Have you become too comfortable with debt?
Written by Carl Turner on January 31, 2017.
In much of the western world debt has been completely normalised. Once upon a time people saved up for what they wanted to buy but that concept seems increasingly outdated with instant gratification now the order of the day.
Companies from credit card providers to phone companies and major stores are queuing up to offer us lines of credit and interest-free loans and increasing numbers of us are saying yes. Just take a look at this OECD graph showing household debt as a percentage of net disposable income. In Denmark, the most extreme case, average household debt is 300% of income!
But it’s not just luxuries we are buying with credit. With incomes static and the cost of living rising in many areas, it’s not surprising that many people turn to debt to fill the hole. In particular the cost of getting on to the housing ladder poses a problem which explains an increasing trend for first time buyers to fund their deposit on a credit card. This is a risky strategy, to say the least, which exposes those resorting to it to falls in home values which could leave them in negative equity. It also means that an unexpected events such as a job loss due to serious illness could send their finances spiralling out of control.
Just because debt is easy to come by doesn’t mean that we should take advantage of it. Follow this simple ABC of steps to manage your debt and become the master of your money and not its slave.
Assess your spending
Make sure you know exactly where your money is coming from each month, and where it goes. It is amazing how few people know how much they spend on bills, groceries and travel for example. Measuring what goes where will help you manage expenditure more efficiently so start a spreadsheet or use an app to properly monitor everything.
Formulate a plan of attack to pay off your debts. Firstly make a list of all your debts and the rates of interest you are paying on them. Then select one of these two methods to getting them paid off:
- The ‘snowball’ method – this works on the principle that most of us find it easier to keep at something if we see quick, positive results. Concentrate on paying off your smallest debt first and then build on the momentum gained from eliminating that one to tackle the others.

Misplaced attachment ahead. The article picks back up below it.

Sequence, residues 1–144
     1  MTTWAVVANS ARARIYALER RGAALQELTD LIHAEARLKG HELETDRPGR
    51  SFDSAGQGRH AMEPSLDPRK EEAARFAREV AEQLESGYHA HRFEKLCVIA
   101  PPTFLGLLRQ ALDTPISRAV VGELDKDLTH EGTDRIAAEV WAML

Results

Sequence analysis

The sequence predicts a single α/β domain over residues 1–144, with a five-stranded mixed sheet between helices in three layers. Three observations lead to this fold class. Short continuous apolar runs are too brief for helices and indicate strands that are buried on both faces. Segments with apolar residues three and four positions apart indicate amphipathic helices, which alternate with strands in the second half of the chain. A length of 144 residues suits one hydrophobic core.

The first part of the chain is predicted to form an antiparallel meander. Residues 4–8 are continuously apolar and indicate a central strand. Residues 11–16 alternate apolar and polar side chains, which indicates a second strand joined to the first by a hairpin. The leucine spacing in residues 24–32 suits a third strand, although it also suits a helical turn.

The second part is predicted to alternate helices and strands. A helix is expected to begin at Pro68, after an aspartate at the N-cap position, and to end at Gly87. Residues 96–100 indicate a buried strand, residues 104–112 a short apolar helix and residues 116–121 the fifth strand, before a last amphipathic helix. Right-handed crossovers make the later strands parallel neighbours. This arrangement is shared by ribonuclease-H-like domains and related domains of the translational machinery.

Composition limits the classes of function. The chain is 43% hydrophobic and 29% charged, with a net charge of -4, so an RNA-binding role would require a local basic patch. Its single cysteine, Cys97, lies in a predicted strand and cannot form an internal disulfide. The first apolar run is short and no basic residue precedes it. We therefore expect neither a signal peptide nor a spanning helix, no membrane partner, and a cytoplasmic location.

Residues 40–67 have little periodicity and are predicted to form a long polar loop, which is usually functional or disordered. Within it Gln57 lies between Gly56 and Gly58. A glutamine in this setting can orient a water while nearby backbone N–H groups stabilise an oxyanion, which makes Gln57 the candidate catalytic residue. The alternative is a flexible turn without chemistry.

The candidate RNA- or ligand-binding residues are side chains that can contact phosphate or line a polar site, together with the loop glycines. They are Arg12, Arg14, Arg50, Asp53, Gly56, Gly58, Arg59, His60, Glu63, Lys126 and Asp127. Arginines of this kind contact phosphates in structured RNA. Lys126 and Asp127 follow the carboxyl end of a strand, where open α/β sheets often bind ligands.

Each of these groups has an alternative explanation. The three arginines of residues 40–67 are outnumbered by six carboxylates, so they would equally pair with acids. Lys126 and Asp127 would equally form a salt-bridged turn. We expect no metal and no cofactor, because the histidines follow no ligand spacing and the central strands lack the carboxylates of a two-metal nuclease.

- The ‘avalanche’ method – this method is less motivating but will be quicker and more cost-effective because the compound effect means that debts with a higher interest rate will grow faster. Target the debt with the highest interest rate and pay that one off first and then move on the one with the next highest rate.
Consolidate and cut
If it is possible to consolidate your loans and benefit from a lower interest rate than do so but make sure you don’t fall into the trap of extending the term of the loan. The aim should remain to pay off the debt as soon as you possibly can so determine how much you can realistically afford to dedicate each month to that and stick to that amount. Have a fixed timeframe in your mind of when you will be debt-free and focus on it at all times.
If you do consolidate your credit cards and other loans, make sure that you cut the cards up to eliminate any temptation to use them.
At the end of the day an increasing level of debt is a symptom of consistent overspending. To really gain control of your finances you need to treat both the symptom – by paying off the debt – and the cause – by living within your means every month.
I will soon be publishing my self-help Expatriate Financial Planning Guide called 12 steps to financial success for international expatriates. This will include more practical information on paying off your debt as well as how to proceed once you have achieved that first step to build your wealth. If you would like to be one of the first to receive a copy, please email me with your address.